Guest poster Janelle Jones, Research Associate at the Center for Economic and Policy Research in Washington, DC, gives Girlwpen an update on her most recent CEPR report. Janelle researches and writes on a variety of U.S. labor market topics, such as unemployment, job quality, and unions. (Bio here.) Last summer she wrote Has Education Paid Off for Black Workers? The project continues with this new study that asks what is the union advantage for black workers? At the end, Janelle puts the new study in context with her earlier one.
So far this year, we’ve had some pretty mixed union news. The workers at a Volkswagen plant in Tennessee voted not to join the UAW but just this week the NLRB ruled in favor of Northwestern University football players’ ability to unionize. Even in the midst of inconsistent union success, John Schmitt and I find that unions still have a significant positive impact on black workers’ wages and benefits.
We’ve all heard that unions are dying. While that may be an exaggeration, even for black workers, the racial group with the highest levels of unionization, the share in a union has been falling continuously since the early 1980s. In 1983, more than one in four black workers (27.1 percent) was in a union, compared to only 13.6 percent in 2013. Over this entire period, black men have had higher unionization rates than black women, although that gap is closing.
In the face of this unionization decline for black workers, are unions still having an impact? Well, yes. Even after controlling for systematic difference between the unionized and non-unionized workforce, unionization has a significant positive impact. For the years 2008-2013, the union wage premium is 15.6 percent for all black workers, 18.1 percent for black men and 13.1 percent for black women. That is, black workers in a union earn 15 percent more per hour than their non-unionized counterparts. Now, that’s a raise!
Next, we examine the union advantage for black workers by education and find the largest gains in wages and benefits for the less educated. Unionization raised the hourly wage for black workers with less than a four-year college degree by nearly 20 percent (19.3 percent for those with less than a high school degree, 19.4 percent for those with only a high school degree, and 17.7 percent for those with some college but short a four-year degree). The union wage premium for these workers is almost double the (still noticeable) 10.3 percent premium for black workers with a four-year degree.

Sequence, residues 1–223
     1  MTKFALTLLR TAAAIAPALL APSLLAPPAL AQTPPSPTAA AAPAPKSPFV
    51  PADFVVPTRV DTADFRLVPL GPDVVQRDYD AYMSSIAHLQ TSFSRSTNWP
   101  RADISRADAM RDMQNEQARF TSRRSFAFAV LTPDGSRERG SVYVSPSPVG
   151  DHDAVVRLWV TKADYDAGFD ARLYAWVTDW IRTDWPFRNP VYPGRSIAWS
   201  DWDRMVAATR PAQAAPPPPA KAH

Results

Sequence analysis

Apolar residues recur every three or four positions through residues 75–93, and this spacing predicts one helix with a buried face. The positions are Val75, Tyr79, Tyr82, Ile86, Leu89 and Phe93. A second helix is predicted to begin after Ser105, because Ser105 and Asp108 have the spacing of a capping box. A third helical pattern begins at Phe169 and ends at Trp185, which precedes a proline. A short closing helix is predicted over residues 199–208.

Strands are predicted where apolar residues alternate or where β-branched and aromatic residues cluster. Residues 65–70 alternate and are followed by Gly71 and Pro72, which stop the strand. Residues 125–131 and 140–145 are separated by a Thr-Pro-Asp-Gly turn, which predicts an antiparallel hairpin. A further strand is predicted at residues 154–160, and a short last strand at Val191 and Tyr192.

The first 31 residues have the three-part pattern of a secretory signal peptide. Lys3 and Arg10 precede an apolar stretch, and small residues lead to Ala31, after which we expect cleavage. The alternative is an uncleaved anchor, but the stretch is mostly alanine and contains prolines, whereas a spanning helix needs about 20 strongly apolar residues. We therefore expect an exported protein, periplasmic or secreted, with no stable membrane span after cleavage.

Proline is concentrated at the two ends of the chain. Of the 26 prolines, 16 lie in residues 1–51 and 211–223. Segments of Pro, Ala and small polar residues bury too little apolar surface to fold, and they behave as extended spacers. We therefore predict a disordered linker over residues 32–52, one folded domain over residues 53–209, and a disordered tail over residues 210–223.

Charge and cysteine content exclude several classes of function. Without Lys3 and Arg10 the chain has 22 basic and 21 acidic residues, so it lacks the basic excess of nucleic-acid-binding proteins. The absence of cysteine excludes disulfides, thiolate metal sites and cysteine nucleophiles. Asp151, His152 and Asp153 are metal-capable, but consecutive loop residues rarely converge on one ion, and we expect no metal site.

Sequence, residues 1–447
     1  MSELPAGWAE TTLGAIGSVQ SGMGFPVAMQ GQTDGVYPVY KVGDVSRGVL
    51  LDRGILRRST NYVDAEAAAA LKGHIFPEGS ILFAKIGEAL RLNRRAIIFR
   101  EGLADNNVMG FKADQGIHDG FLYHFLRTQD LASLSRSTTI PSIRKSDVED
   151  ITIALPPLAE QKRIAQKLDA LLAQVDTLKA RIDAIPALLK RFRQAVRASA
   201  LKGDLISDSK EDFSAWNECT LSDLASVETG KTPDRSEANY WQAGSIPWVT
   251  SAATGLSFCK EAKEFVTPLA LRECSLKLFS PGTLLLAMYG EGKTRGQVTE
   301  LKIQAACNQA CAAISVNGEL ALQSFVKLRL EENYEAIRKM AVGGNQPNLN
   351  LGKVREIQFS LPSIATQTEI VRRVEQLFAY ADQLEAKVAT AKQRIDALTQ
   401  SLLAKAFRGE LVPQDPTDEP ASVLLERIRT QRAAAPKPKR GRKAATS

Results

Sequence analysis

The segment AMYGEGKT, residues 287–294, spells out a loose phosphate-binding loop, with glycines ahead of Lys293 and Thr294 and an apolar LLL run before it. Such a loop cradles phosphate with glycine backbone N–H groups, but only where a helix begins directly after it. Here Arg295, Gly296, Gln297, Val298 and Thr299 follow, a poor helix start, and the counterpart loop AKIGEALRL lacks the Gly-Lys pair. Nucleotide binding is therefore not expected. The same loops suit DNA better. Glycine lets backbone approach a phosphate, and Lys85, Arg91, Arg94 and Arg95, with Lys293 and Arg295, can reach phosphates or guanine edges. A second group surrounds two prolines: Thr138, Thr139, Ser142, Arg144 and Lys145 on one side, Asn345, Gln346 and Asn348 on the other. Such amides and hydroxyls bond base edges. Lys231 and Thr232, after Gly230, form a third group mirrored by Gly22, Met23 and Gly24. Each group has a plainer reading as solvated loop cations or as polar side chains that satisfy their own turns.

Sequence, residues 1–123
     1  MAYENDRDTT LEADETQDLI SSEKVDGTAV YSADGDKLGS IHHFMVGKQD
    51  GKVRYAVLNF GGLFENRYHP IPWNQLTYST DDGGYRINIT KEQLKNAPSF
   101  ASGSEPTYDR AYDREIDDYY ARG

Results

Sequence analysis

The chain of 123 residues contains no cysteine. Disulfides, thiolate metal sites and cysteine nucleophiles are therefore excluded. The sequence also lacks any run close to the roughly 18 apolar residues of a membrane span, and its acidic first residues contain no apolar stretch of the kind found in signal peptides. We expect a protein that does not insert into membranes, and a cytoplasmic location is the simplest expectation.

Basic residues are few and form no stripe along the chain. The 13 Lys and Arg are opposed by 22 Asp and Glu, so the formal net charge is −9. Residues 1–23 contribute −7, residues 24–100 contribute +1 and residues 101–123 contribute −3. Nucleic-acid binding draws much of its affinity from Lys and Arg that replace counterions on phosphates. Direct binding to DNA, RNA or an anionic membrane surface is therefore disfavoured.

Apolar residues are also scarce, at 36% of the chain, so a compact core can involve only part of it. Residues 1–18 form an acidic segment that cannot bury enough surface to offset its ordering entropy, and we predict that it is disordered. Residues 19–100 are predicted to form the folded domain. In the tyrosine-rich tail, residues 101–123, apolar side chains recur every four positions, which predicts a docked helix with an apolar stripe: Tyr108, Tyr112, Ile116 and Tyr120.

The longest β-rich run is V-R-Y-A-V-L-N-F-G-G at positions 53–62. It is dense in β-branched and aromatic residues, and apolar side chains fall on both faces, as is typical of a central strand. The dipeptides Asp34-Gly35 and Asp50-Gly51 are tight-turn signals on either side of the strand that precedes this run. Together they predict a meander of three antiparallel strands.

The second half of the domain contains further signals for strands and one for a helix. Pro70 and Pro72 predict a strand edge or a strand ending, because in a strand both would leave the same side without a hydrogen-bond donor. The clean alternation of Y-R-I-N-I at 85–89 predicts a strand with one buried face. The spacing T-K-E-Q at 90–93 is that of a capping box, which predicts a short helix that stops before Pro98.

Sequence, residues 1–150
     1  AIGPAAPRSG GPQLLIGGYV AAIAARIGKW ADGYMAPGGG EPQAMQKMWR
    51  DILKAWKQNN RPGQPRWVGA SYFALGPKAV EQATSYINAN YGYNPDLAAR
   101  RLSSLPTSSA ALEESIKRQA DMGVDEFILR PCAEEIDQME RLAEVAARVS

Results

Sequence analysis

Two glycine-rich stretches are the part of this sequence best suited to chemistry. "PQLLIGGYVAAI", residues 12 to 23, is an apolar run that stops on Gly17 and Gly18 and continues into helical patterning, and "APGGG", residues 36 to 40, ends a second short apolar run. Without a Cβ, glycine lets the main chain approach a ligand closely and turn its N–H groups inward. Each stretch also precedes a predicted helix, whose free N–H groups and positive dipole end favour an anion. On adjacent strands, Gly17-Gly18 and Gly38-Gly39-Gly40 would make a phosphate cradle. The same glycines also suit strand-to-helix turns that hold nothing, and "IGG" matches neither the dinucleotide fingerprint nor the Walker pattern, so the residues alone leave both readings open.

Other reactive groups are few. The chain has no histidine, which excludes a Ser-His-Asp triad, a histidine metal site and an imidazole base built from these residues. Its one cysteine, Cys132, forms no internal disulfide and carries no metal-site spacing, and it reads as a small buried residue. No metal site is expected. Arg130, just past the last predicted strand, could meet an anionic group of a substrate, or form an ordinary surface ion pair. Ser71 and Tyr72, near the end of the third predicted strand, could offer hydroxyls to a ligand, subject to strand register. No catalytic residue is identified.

Finally, we turn to the effect of unionization for black workers in traditionally low-wage occupations, including security guards, janitors, and food prep workers. While black workers accounted for just over 11 percent of total employment in our analysis period (2008-2013), they made up over 18 percent of all workers in the 15 low-wage occupations we analyzed. Similar to workers with less formal education, the union wage premium is nearly 20 percent larger for black workers in these occupations, compared to the 15.6 percent premium for black workers overall.
In the report, we also look at the effect of unionization on health insurance coverage and retirement plans for black workers. For each of the breakdowns listed above, gender, education level, and low-wage occupations, black workers in unions were much more likely to have these on-the-job benefits. For example, for black women, unionization increased the likelihood of employer (or union) provided health insurance by nearly one-third (31.1 percent) and a retirement plan by more than one-third (41.0 percent).
The promise of unions looks like an important consideration for black women. Black women—who face double-discrimination based on race and on gender–find themselves by most measures at the bottom of the pay and benefit scale. The most commonly offered solution is to increase educational attainment. But we’ve done that. Black women have already doubled graduation rates since1979, and the share of black women with less than a high school degree has fallen by more than 20 percent. Yet labor market difficulties persist. Our research shows that one thing that can complement increases in education in a concrete way would be increasing unionization, which offers black women higher pay and substantially better benefits to help overcome, at least in part, the double-discrimination.